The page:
Planning for a Kenya Safari Journey
Where did the summer go?
This morning as I drove to the Walters Theatre I noticed that a number of trees are showing off their first bits of fall colour. I was surrounded by dull skies due to dreary weather conditions so the tree colours easily jumped out at me.
The first official, “Travel With Bradley” tour departs for exotic, Kenya early in October. I must admit that when I started as a tour operator almost 32 years ago I never dream’t I’d be planning and leading a Safari to Kenya.
I announced this journey at my recent travel shows. An Africa tour operator contacted me with some “last minute-very limited space for a Kenya Safari” at a tour price that couldn’t be beat so after a great deal of research, I decided to offer the program even though it was impossible to publish it in my new tour brochure which was already at the printers.
October is high season in Kenya due to the mass wildebeest migration. This is known as the “World Cup of Wildlife”. Nowhere in the World is there a movement as immense as the wildebeest migration. It is believed that the wildebeest journey is dictated primarily by the animals response to the weather as they follow the rains and the growth of new grass.
Many travelers plan their Kenya Safari years in advance but my passengers need to make a quick decision so this afternoon I hosted a gathering for those that are joining me on this special adventure and the Canadian representative for our Kenya Safari, kindly joined us.
The first thing we compared was what innoculations the Travel Clinic Doctors advised us we need. There is surprisingly a shortage of yellow fever vaccine – in fact the supply will soon be depleted. I didn’t have any problem getting my dose but 2 of my travelers needed to travel to Mississauga in order to get their shots and 5 others have been called with specific dates when the vaccine will be available prior to our departure. Everyone understand the urgency to get this done and hope to be vaccinated by the end of this week.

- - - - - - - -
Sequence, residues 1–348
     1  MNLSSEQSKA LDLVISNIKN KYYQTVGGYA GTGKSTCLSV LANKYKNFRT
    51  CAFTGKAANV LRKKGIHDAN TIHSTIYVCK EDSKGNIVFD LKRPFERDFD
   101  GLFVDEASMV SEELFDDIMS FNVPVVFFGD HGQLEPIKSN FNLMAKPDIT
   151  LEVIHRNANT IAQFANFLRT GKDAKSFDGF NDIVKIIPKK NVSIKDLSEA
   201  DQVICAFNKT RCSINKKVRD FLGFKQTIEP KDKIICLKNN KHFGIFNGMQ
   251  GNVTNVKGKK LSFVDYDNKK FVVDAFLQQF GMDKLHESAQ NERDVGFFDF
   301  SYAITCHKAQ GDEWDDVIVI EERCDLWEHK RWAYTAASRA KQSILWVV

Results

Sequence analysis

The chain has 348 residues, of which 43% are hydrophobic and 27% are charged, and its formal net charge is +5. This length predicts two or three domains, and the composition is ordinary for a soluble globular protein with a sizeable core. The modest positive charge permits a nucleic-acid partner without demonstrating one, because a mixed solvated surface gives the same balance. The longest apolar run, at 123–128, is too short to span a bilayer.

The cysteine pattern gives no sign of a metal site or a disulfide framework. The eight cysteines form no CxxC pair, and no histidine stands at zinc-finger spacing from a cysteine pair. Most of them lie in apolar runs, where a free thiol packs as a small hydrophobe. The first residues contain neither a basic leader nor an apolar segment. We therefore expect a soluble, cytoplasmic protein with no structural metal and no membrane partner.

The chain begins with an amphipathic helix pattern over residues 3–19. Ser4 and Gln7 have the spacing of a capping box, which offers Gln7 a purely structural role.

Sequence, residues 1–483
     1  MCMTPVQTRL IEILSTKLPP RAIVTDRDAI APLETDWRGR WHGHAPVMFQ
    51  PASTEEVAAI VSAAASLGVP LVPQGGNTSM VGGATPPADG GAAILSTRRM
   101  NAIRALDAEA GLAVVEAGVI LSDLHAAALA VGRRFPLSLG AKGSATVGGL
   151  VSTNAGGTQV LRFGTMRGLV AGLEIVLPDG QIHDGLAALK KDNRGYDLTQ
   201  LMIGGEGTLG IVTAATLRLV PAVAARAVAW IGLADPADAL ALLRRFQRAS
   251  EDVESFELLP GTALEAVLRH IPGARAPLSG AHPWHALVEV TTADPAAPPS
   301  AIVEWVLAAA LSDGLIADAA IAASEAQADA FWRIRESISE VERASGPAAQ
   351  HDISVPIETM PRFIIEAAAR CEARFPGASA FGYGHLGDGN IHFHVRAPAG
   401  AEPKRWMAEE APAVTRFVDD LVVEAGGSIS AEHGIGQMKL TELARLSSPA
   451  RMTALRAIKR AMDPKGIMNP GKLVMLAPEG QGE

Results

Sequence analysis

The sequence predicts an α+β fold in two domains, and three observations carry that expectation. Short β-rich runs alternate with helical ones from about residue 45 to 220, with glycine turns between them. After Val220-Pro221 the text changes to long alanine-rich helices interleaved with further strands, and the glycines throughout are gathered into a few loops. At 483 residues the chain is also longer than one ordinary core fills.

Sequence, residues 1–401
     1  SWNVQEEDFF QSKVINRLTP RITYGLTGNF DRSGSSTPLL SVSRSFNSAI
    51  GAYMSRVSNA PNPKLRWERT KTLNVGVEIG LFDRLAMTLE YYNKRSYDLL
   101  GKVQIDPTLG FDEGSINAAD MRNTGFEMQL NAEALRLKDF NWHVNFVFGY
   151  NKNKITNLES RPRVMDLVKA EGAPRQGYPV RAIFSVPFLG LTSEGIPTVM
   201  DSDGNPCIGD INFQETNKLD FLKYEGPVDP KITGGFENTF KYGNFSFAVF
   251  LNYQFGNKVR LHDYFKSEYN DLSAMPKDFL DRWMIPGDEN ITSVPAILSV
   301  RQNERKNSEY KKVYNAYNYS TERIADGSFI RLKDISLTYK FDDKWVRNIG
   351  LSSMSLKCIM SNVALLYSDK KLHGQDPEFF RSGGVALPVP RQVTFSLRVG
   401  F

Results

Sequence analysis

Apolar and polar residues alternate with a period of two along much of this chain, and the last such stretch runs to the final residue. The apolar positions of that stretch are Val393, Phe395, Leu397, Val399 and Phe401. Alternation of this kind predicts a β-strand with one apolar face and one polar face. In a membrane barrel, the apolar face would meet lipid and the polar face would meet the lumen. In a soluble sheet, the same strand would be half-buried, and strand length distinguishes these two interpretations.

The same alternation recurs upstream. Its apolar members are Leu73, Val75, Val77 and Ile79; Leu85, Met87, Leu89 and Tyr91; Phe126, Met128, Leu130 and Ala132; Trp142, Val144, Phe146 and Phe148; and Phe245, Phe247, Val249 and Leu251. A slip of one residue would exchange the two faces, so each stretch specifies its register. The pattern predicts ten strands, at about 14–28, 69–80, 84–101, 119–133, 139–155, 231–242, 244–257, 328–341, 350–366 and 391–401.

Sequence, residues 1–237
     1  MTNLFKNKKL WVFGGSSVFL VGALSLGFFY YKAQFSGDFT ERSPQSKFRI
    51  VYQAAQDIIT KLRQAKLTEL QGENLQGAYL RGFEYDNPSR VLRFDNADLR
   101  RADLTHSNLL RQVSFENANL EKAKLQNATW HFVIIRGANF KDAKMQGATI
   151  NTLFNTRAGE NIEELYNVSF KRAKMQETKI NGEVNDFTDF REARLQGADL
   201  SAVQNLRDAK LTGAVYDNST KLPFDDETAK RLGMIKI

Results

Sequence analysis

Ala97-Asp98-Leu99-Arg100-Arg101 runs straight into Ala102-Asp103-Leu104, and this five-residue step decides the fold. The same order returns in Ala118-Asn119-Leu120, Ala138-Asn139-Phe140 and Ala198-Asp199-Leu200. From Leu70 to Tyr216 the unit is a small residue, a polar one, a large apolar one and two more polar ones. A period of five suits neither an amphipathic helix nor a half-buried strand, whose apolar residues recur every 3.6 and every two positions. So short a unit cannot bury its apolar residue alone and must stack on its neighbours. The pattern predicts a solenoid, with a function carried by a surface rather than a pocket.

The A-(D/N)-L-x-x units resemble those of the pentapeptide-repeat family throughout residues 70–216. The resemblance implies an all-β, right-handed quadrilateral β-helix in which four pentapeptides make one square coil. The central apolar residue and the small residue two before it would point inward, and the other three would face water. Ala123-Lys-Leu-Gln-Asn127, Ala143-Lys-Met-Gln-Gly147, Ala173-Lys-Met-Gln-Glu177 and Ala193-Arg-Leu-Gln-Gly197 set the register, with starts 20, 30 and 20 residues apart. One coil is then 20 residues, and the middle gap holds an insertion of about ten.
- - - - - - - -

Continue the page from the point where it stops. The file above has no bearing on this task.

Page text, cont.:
We discussed what we need to pack and what can be left at home. Lightweight, long sleeve shirts are needed to keep mosquitoes off – Capris or knee-length clothing is a good idea for women in conservative Africa – a rain jacket will be packed just in case along with comfortable running shoes. Clothing colours are also very important – black and blue not only attracts additional heat during the day but is tempting to the tsetse flies who pose health risks. Its therefore important to stick to lighter colours and neutral not bright tones. After days in the African savannah our clothes will easily get very dirty so I don’t plan on buying new clothing for this adventure.
Temperatures can be hot during the day and cold at night even though we are so close to the equator so warm layers are important.
Sunscreen, bug spray, hand sanitizer and malaria pills are on our packing lists too along with a flashlight and electrical converter.
We need to consider what electronics are important to bring. I’m thinking that its best to leave my fancy tablet at home as it can easily get damaged in the weather conditions. Posting pictures and my blog can wait. I also plan on bringing a power bank with charger so I can keep my new, “especially for this Safari” big-zoom camera charged. Passenger, Donna Lotus reminded me that I tell everyone who buys a new camera prior to a tour that it is important to play with it before departure so they aren’t trying to learn how it works during the trip. Yes Donna, I will start practising.
We were excited to learn that the safari vehicles we are traveling in are wi-fi equiped.
Instead of bringing pencils and candy for the local children we were reminded to be responsible travelers and give donations directly to reputable organizations while we are there. Unfortunately many children in Kenya realize that when they spot who they call the “muzunga” we provide an opportunity for them to receive free things and some will drop out of school because they can make more money from tourists than local jobs.
My passengers have now all met one another and we are just like family. We are guaranteed to bring home many stories that we look forward to sharing with you.
This Kenya Safari Journey is guaranteed to be a unique, once-in-a-lifetime experience.